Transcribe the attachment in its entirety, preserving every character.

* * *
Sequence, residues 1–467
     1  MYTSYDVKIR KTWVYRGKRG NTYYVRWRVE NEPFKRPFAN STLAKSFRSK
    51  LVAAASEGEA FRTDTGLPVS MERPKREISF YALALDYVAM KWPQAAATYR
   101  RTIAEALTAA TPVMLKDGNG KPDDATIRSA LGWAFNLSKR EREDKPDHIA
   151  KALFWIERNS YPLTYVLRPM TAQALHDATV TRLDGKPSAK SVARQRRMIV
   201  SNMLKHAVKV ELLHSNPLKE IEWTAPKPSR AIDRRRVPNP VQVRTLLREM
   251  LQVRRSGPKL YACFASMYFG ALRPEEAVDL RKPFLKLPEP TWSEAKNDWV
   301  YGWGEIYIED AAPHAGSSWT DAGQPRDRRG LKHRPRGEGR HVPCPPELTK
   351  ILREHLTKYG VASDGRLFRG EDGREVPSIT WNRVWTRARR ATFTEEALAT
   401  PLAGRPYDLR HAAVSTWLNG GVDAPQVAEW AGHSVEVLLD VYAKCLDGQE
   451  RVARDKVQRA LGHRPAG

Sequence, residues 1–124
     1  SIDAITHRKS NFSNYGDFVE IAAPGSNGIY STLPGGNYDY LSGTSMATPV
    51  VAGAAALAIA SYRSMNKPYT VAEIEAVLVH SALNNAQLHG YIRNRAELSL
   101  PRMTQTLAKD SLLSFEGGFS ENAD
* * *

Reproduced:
Sequence, residues 1–467
     1  MYTSYDVKIR KTWVYRGKRG NTYYVRWRVE NEPFKRPFAN STLAKSFRSK
    51  LVAAASEGEA FRTDTGLPVS MERPKREISF YALALDYVAM KWPQAAATYR
   101  RTIAEALTAA TPVMLKDGNG KPDDATIRSA LGWAFNLSKR EREDKPDHIA
   151  KALFWIERNS YPLTYVLRPM TAQALHDATV TRLDGKPSAK SVARQRRMIV
   201  SNMLKHAVKV ELLHSNPLKE IEWTAPKPSR AIDRRRVPNP VQVRTLLREM
   251  LQVRRSGPKL YACFASMYFG ALRPEEAVDL RKPFLKLPEP TWSEAKNDWV
   301  YGWGEIYIED AAPHAGSSWT DAGQPRDRRG LKHRPRGEGR HVPCPPELTK
   351  ILREHLTKYG VASDGRLFRG EDGREVPSIT WNRVWTRARR ATFTEEALAT
   401  PLAGRPYDLR HAAVSTWLNG GVDAPQVAEW AGHSVEVLLD VYAKCLDGQE
   451  RVARDKVQRA LGHRPAG

Sequence, residues 1–124
     1  SIDAITHRKS NFSNYGDFVE IAAPGSNGIY STLPGGNYDY LSGTSMATPV
    51  VAGAAALAIA SYRSMNKPYT VAEIEAVLVH SALNNAQLHG YIRNRAELSL
   101  PRMTQTLAKD SLLSFEGGFS ENAD